Creating and Using A Dynamic LED Control

Environment: Compiled using VC6.0 Sp3 and tested using Win95/98 WinNT4.0 and Win 2000


I saw the article "Static LED Control" by Monte Variakojis at and I had a look at the questions asked there. This class enables the user to have a blinking effect with control over the blinking rate per second. They can set the timer of the control. Sometimes, it would be better to show the status of an ongoing operation or if there is any warning; it would be better to display it using an LED control. I faced this situation when developing for a client whose end users were security guards who had no knowledge of computers. So, the interface for them was designed like a TV remote control and I had to incorporate a lot of controls like this to make them feel at ease. I would like to tell the people who are going to use this class that it's best suited for small controls rather than making it bigger where the effect is lost. It looks more like an ellipse than a LED at bigger proportions.


To use the CDynamicLED class, you can follow the guidelines stated below.

  1. Insert a new static frame where you want the LED. Setting the client edge property or the modal frame property for it looks better.
  2. Rename the static frame to something other than IDC_STATIC. Name it something like IDC_DYN_LED.
  3. Using the MFC ClassWizard, add a new member variable for IDC__DYN_LED. The category should be a control and the Variable Type should be CDynamicLED. If the CDynamicLED type does not show up in the Variable type dropdown combo, you need to re-create the .clw file. Delete the .clw file and run the class wizard again.
  4. Remember to add "DynamicLED.h" to your dialog's header file.


The various features in the CDynamicLED Class are outlined below.

  1. Use the following command:
    SetLED( CWnd *pWnd, 
            UINT nIDColor,
            UINT nIDShape, 
            int nTimerInterval)
    where pWnd is your static window where you want the LED. nIDColor can be any of the following values:
    NIDShape can be any of the following values:

    Here, the nIDShape value determines whether the shape of the LED will be round or square.

    And the nTimerInterval parameter denotes the number of milliseconds. The LED would flash once in every period denoted by this parameter. You can either have a rapidly blinking LED by setting this parameter to 100 or have a normally blinking LED which blinks once per second by setting this value to 1000.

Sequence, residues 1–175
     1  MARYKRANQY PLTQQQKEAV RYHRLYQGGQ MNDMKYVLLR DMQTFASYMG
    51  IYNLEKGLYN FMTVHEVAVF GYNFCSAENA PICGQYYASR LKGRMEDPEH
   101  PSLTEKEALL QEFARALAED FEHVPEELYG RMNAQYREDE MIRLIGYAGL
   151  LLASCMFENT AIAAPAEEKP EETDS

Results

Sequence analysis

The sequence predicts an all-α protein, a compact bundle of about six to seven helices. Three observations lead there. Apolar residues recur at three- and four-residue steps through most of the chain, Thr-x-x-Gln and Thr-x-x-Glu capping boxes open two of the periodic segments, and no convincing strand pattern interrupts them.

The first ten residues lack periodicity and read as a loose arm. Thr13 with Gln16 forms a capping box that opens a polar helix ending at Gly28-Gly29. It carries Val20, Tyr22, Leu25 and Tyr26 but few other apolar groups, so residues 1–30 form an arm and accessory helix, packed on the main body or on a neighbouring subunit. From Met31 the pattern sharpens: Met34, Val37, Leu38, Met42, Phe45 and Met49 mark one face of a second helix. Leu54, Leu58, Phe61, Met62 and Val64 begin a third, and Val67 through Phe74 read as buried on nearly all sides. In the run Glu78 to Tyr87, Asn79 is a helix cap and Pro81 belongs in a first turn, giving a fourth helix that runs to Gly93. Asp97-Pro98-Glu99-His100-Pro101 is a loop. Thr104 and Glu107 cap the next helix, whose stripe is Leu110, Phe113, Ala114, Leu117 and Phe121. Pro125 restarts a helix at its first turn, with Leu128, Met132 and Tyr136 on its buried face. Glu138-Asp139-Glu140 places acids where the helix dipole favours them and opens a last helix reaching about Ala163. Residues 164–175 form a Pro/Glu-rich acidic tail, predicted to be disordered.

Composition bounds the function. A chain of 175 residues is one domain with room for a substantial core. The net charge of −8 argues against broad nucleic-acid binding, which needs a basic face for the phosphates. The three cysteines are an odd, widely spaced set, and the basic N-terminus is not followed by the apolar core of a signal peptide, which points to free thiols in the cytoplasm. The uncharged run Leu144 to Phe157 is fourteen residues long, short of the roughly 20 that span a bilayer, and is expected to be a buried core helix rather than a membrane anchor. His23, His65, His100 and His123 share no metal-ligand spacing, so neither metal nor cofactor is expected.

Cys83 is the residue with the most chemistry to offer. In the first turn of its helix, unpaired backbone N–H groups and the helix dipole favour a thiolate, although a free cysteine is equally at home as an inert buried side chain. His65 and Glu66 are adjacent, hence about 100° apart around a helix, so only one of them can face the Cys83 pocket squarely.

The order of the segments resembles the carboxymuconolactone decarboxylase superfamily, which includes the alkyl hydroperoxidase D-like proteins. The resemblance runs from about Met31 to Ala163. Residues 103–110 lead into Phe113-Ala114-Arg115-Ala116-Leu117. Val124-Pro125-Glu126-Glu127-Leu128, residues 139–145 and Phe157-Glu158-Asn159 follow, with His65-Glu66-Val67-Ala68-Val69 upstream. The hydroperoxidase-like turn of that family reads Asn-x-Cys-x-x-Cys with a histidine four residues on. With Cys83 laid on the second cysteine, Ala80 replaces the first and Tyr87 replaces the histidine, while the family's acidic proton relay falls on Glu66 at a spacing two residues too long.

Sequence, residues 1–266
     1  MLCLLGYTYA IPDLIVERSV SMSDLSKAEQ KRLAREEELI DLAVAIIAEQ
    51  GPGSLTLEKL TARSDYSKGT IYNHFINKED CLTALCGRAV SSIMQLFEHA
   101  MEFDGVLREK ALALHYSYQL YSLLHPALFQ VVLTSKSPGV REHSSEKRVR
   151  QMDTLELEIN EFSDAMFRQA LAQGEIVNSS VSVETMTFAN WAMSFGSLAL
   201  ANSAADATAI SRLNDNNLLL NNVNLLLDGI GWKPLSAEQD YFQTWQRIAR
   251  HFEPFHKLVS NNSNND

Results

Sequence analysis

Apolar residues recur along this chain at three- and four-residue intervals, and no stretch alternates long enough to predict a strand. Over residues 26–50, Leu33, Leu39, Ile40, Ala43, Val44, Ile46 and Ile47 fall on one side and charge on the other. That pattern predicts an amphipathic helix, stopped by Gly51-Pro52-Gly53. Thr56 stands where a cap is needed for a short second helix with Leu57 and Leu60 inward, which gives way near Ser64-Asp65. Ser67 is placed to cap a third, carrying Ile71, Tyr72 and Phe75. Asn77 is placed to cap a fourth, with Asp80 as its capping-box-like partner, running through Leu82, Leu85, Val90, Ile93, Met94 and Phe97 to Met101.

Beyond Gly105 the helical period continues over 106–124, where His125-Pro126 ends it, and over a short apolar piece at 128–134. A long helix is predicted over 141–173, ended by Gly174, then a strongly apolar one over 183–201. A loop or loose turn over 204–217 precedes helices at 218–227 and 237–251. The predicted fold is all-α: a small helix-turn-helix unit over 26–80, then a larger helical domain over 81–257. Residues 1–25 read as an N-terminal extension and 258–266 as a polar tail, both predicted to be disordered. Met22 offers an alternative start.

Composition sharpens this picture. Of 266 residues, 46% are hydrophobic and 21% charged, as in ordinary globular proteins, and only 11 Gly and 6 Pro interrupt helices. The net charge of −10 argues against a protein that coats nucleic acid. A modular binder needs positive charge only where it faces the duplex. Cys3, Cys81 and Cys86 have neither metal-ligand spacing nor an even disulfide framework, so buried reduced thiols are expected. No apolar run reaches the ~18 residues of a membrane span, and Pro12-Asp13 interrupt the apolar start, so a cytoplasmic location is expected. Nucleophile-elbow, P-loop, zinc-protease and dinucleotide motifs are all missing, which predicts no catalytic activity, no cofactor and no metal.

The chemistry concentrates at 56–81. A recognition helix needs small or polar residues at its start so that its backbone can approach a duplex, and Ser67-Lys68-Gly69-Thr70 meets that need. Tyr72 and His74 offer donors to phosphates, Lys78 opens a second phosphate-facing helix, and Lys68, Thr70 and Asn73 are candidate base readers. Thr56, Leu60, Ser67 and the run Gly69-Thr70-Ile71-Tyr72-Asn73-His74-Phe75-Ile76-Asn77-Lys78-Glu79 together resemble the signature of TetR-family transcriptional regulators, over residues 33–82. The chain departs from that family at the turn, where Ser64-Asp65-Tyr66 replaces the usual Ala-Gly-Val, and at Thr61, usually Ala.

This is the ONLY function that you need to know to use this class.
  2. In case you need more functionality to switch on or switch off the LED, you have two functions named:

    These two functions don't need any parameters.

Now, let's go to the implementation of this control in your dialog-based application. I have assumed that you have named your dialog class CMyDialog.

Remember that you have created a variable for this static frame. If you have forgotten about that, please refer to the implementation section above. Assuming that you have named your variable m_dynLEDRed for a LED control which is round in shape, it is going to blink once every half second and which is red in colour.

You have to add the following lines in your OnInitDialog function. I have also assumed that you have named your static frame IDC_STATIC_LED_RED.

CWnd *pWndRed = (CWnd *)GetDlgItem(IDC_STATIC_LED_RED);

In case you want to change the blinking interval of the LED at runtime from half a second to a full second, you can use the following code.

// Change the time interval of the LED to 1000
CWnd *pWndRed = (CWnd *)GetDlgItem(IDC_STATIC_LED_RED);

To change the shape of the LED from round to square or vice versa , you can follow this piece of code.

// Change the shape of the Blue LED from round to square
CWnd *pWndRed  = (CWnd *)GetDlgItem(IDC_STATIC_LED_RED);

If you want to turn off the LED (I mean switching it off), you can use this.

// Switch OFF the Red LED
CWnd *pWndRed = (CWnd *)GetDlgItem(IDC_STATIC_LED_RED);

and to switch it on again, use

// Switch ON the Red LED
CWnd *pWndRed = (CWnd *)GetDlgItem(IDC_STATIC_LED_RED);

That's all, folks. All luck and have a great time.

With warm regards,


Download demo project - 48KB
Download source - 4KB


  • Nice LED but must it blink?

    Posted by Legacy on 05/05/2003 12:00am

    Originally posted by: George Fredal

    I like your LED but would like to eliminate the TIMER and display it in a constate BRIGHT state. Can you suggest how I might accomplish this?
    Thanks in advance for any advice.
    Regards George

  • I'll update the code asap

    Posted by Legacy on 08/10/2002 12:00am

    Originally posted by: VGirish

    Dear All,

    I'm terribly sorry about the code that has been posted. It DOES contain resource leaks. I had posted the WRONG code and i noticed it the moment i saw dterr's comments.

    The code that has been posted contains some more typos like i select the red led but i have used the blue led's variable name instead !!!!!

    Infact, i had used Feng Yuan's GDI resource leak detector on my final version and checked if there are any leaks. But i made a mistake of posting the wrong version in a haste. :(

    I'm terribly sorry and please accept my apologies.


    p.s. Incase you want to use this code before i fix up the bugs, then all that you have to do is to store the state of the previous brushes and pens and restore it after you have completed the drawing.

    With warm regards,

  • Why so much redundant code?

    Posted by Legacy on 08/09/2002 12:00am

    Originally posted by: Joe Sonderegger

    Most of the code seems to be redundant.
    Why is this?

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